This was critical for the supervisors of the production lines, since having the right tools in the right place proved to be crucial for people working there. Compared to most manufacturing environments, the clients did not know where the tools were before they had to perform a task and where they needed to be returned after the tasks were completed. When CRI installed shadow boards and made it visually apparent where the tools should go, the look of joy on the clients’ faces was priceless. The most rewarding part of this was involving the clients to determine where they would like the tools to be located on the shadow boards. They would proudly let everyone know that they decided where to place the tools.

It is the beaming smiles on the clients’ faces that inspired all of the CRI team and make them understand that they were on their way to transforming lives in many different ways.

The use of lean tools quickly turned into a new management style at Chippewa River Industries. With this new-found enthusiasm, they decided it was time for a new strategic plan, since they had just become a stand-alone nonprofit company. Because they were not a county entity any more, their first priority was to generate more revenue to make sure they could stay a successful company. I saw the biggest impact of lean management on the amount of supervisors and managers. When they looked at a potential new customer, they would first analyse their internal process and ask the question, “Does this step add value to the customer?” If the answer was, “No,” they would analyse the process until they could answer, “Yes.”

CRI is always looking at new process improvement tools and now utilises many UW-Stout senior-level classes from computer simulation and other courses to always improve their performance and management styles. One of the most important tools they use is poka-yoke. They realised with the clients on the production lines that they need these controls built into their processes. The sheer volume of products being produced does not allow for inspection to be their form of quality control.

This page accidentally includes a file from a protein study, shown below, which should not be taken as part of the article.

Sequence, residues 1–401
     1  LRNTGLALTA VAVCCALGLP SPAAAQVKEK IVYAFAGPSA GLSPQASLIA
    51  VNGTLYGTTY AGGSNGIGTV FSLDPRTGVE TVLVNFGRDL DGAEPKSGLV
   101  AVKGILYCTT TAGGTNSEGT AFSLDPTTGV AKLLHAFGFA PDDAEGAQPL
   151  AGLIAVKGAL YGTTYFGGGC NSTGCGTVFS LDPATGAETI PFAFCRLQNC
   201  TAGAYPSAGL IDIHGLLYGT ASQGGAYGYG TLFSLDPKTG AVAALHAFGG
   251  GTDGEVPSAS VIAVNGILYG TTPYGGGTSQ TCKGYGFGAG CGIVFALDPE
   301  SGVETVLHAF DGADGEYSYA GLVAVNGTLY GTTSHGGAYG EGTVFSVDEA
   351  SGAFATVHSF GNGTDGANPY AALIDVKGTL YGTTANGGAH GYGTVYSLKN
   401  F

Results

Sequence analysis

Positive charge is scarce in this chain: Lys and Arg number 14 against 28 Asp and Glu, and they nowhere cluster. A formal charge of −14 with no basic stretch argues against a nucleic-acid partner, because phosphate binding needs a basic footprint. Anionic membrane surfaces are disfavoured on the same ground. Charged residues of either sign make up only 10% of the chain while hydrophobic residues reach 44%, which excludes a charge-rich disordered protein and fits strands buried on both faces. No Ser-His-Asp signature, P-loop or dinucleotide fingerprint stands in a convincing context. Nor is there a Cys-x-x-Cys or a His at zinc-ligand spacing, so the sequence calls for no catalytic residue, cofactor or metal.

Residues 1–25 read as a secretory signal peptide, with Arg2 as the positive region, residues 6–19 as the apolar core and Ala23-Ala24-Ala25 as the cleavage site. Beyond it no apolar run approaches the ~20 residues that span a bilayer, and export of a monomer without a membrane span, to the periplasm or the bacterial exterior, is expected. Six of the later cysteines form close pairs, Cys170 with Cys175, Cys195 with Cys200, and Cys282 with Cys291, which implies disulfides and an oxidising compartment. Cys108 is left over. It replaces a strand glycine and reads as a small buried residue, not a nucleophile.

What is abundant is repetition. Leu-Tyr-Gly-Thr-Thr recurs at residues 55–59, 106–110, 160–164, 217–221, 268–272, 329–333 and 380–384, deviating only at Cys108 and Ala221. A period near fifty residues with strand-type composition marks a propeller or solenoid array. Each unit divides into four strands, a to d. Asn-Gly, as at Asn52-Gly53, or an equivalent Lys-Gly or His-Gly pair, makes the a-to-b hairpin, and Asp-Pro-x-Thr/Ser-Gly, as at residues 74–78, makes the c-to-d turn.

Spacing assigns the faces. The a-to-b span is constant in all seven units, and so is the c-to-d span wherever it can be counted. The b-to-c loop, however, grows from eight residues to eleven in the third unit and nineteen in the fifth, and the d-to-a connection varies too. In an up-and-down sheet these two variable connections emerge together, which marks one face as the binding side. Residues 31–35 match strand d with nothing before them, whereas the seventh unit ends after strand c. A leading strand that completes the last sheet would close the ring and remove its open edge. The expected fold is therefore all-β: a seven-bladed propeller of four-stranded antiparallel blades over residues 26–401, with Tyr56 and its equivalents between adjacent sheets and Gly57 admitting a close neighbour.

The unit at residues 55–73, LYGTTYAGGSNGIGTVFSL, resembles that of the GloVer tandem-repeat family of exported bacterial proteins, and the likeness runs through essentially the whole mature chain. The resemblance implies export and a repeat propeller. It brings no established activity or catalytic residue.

What has lean done for CRI and its customers

Dave Lemanski is now the CEO/president of CRI and leads by example by always going to the gemba and working with the team to continually improve every day. Speaking with Bill Peterson, director of operations and sales, he said: “The less a product is touched, and the faster the turn-around time for our customer is, the greater our profitability is for a job. Lean principles have helped us to identify and eliminate the non-value added touches and streamline our production lines. It also allowed us to blend the proper staffing, methods, and equipment to complete each job in a safe and profitable way.”

When I asked Gregg McArthur, President of McArthur Towels and Sports, a customer of CRI, about how CRI has changed since lean was embraced, he told me: “My company has outsourced a significant amount of work to CRI, Inc. over the years. Their on-time delivery, quality, and efficient operations provides my company with a turn-key operation. Leaning their enterprise has allowed them to keep up with our growing market. Our license-based markets are extremely time- and quality-sensitive. CRI’s operations have allowed us to meet the demands of our customers with consistency.”

CRI’s mission statement is: “To be the preferred partner of innovation services that enriches lives and build stronger communities.” Since the whole purpose of existence for CRI is making the lives of their clients better, I feel this quote from a parent, Chris Jakubowicz, sums up best why this is the most rewarding lean transformation I have ever been involved with: “CRI, Inc. has been a great place for my son to work. He enjoys going to CRI each day and often talks about what he does for their production department. Having this option for him to work is important to him and the rest of our family.”

To learn more about CRI, visit their web site at